Thursday, April 14, 2011

Top Ten 2011 "American-Sourced" Content Cars

2011 NorthAmerican-Sourced Content
1.Dodge Avenger83%
2.Chrysler 20081%
3.Toyota Camry80%

Toyota Avalon80%

Honda Accord80%
4.Chevrolet Impala77%
5.Cadillac CTS76%

Buick Lucerne76%
6.Chevrolet Malibu75%

Chevrolet Corvette75%

Lincoln Town Car75%

Acura TL75%
7.Dodge Caliber73%

Chrysler 30073%
8.Dodge Charger70%

Dodge Challenger70%

Honda Civic70%
9.Chevrolet Camaro66%
10.Toyota Matrix65%

Cadillac STS65%

Cadillac CTS65%

Ford Taurus65%

Ford Mustang65%

Motor Trend -- "When “Made in America” is the most important consideration in purchasing a new car, consumers would be wise to head to a Dodge dealership and test drive an Avenger. That sedan, according to a 2011 report by the National Highway Traffic Safety Administration, has 83 percent of its parts content from the U.S. and Canada.

Above, we’ve compiled a list of the top cars with the most North American parts content list below comes from data required of automakers by law thanks to the American Automobile Labeling Act."

MP: When Cars.com compiles its list of "American-made" vehicles, it doesn't include parts from Canada as "domestic content," and the composition of the top ten is much different.  Last year, the Toyota Camry and Honda Accord took the top two places on Cars.com Top Ten 2010 domestic-parts content rankings, and together the two Japanese automakers captured five of the top 10 places.   

Even with this ranking that includes Canadian parts, it's interesting that the Toyota Camry and Honda Accord are far "more American" (80% domestic content) than American icons like the Ford Mustang, Cadillac STS and Cadillac CTS (only 65% domestic content). 

This does some serious damage to the protectionist, "Buy American" philosophy that motivates Americans to buy American-made products under the illusion that if you "buy American" products like Ford Mustangs your dollars will "stay in the country," and if you buy foreign-made products, or even products made in America by foreign automakers like Toyota or Honda, your dollars will "leave the country" for Japan.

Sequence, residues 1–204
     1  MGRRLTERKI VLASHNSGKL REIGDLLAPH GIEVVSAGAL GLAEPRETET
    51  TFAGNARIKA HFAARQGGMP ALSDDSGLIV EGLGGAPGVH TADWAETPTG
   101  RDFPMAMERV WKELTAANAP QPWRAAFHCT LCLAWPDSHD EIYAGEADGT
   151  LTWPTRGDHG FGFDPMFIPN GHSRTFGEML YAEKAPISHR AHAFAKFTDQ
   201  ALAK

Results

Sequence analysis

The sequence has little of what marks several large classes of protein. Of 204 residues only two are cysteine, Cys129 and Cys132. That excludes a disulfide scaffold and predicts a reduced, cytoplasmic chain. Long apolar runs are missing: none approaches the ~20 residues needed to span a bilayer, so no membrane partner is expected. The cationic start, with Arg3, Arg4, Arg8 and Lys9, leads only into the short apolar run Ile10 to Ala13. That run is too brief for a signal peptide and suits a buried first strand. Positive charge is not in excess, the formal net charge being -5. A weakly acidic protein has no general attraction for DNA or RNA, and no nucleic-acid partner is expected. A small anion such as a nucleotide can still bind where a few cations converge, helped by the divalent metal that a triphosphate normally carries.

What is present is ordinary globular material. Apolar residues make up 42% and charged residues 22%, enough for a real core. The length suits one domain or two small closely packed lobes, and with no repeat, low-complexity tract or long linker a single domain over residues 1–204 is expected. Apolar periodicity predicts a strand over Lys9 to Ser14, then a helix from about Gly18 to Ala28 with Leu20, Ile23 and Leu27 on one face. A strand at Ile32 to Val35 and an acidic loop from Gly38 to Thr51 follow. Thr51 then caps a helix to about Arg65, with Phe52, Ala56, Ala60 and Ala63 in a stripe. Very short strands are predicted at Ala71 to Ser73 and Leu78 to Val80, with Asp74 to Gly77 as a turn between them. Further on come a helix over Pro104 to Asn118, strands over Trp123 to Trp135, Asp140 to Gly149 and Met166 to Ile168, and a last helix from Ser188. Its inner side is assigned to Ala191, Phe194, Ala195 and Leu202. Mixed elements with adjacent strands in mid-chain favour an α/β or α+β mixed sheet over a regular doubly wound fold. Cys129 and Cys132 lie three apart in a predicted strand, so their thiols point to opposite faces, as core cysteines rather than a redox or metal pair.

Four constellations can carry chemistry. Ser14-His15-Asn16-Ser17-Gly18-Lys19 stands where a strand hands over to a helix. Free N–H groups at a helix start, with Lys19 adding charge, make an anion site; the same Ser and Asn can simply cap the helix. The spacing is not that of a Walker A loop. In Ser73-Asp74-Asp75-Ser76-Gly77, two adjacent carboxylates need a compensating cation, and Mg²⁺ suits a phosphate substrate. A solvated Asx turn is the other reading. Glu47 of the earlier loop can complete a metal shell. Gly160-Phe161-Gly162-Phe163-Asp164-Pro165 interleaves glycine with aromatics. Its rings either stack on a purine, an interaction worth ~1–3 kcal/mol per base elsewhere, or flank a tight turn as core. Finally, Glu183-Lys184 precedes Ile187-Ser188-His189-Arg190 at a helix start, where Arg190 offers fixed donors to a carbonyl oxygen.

And if U.S. companies like Ford or GM finds it in their best economic interest to purchase 35% of their parts for Mustangs and Cadillacs from outside the U.S. and Canada, you should feel no guilt if you spend 35% of your money on products produced in China, Mexico or Brazil. 

HT: Jody Church

7 Comments:

At 4/14/2011 7:58 PM, Blogger Benjamin said...

Re trade: Since WWII, we have seen several nations roar forward on exported-oriented trade polices, such as Japan, South Korea, Taiwan, and now China. I suppose you could add the oil-thug states such as Saudi Arabia.

Such nations have exported their way to prosperity.

I can't think of any nation that imported its way to prosperity.

Oddly, Taiwan, S. Korea, Japan and China all went to strong national planning and exporting--the antithesis of Western free-trade and free-market models--and all have prospered (with the late exception of Japan, suffocating under a too-tight monetary policy).

What can explain the success of such nations, for decades, in the face of Western prescriptions?

Why is that?

 
At 4/14/2011 8:27 PM, Blogger Benjamin said...

I went to the link, but no clarity on this issue: Is domestic content determined by value, or volume or weight?